Sobran was not a fan of public education. He called himself “a typical victim” of it. In one of his Sobran’s Monthly articles, he declared, “Our ancestral voices have come to sound alien to us, and therefore our own moral and political language is impoverished. It’s as if the people of England could no longer understand Shakespeare.”
Never mind that in 1997, Sobran published a book “proving” all of Shakespeare’s work was really the work of the Earl of Oxford.
Sobran started as a "paleoconservative", railing against government ever doing anything for the first time; stood for an isolationism that makes Rand Paul look like Lindsey Graham, and demanded a level of keyhole-peering and moral regulation to delight Savonarola.
He segued through an Ayn Randian phase (her atheist bushwah, somehow, send a thrill up his very Catholic leg). Sobran managed to go so far off the deep end in his antipathy to Israel that Buckley fired him (Sobran insisted it was nothing personal: "Nobody has ever accused me of the slightest personal indecency to a Jew"). While insisting he was not a Holocaust denier, he spoke at events organized by one of the leaders of the movement, David Irving.
He came to believe that virtually every act of the US government after 1865 was illegal, and argued that the Constitution itself was the rules of order for criminal syndicate. The Articles of Confederation he could live with, but only until 2002, when he declared himself an anarchist. He died in 2010.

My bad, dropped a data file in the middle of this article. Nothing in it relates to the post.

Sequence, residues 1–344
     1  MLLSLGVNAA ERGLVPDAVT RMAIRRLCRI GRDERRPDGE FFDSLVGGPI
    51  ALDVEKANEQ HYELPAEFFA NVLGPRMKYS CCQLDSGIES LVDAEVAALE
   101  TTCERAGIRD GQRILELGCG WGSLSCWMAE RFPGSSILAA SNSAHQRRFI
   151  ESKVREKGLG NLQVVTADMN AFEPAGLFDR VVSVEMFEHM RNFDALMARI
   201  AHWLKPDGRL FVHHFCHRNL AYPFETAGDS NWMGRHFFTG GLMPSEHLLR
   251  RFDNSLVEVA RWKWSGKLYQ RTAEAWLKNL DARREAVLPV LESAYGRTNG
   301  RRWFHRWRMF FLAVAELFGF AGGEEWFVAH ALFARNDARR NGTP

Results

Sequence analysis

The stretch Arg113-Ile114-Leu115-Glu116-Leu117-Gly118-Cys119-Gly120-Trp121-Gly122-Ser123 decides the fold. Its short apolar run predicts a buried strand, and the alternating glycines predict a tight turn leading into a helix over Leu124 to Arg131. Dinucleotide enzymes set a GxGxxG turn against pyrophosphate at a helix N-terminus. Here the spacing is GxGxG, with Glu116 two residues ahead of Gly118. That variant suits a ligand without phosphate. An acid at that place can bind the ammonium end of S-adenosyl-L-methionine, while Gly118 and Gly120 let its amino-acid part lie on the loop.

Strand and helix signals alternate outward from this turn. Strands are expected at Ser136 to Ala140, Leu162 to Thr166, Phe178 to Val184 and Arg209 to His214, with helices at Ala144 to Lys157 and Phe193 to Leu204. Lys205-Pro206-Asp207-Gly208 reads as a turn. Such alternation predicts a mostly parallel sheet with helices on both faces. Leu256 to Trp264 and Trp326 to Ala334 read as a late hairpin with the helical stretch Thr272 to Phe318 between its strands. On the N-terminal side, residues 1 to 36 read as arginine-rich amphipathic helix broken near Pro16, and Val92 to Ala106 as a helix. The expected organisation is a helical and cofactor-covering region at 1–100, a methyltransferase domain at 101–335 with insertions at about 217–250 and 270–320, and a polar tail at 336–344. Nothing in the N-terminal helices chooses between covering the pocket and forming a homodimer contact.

Ann Coulter has called Sobran the world's greatest writer; Patrick J. Buchanan was more stinting, reserving himself some laurels when he called Sobran one of the greatest columnists of his generation.
In our time, the 19th century view of public education seems to be coming back into vogue. Conservatives have, for decades, railed against schools and public education. They have  vested interests in seeing it fail. In the South, they were happy to deny it to everyone to avoid integration; more recently they have resorted to defunding it- turning teachers into medicant props for corporations in school supply sales ad campaigns. As class sizes grow, and teachers aids are eliminated, results suffer. See! See? cry the naysayers. Public schools are a fail! Let’s shift tax money to charter schools and private academies. They can provide smaller classes and more student attention with the money we took away from public schools to show that they could not provide those helpful elements.
In election years, they can head-fake some interest in education: Thom Tillis, right after leading the charge to slash teacher funding, took credit for a 2014 teacher pay increase in his run for higher office. In 2015 the cuts picked right up where they were left. But one must remember these are conservatives who were all over common standards- teaching to the tests- as a guarantor of a populace at least well-enough educated to go work in a factory (Knowledge-based workers are to be avoided. They think too much, and vote wrongly.) When not even test-based education could get enough kids over the admittedly low bar common core plans set, they turned on it as a Washington-imposed mandate.
Teachers observe sound conservative economics: they leave states where they can’t get a decent salary for ones where they can, and where they- just maybe- will get a little less grief as a class from politicians who want to see them fail.

Moral of the story: when we pass along critiques of education without seeing if they are true, we call our  own into question. And people may wonder if coming out as a Joe Sobran groupie means we buy into some of his other, verifiably held, and must less savory, ideas.

1 comment:

  1. Very well said, Waldo. I've come to realize that most any argument summarized in a meme probably isn't a very well thought out one.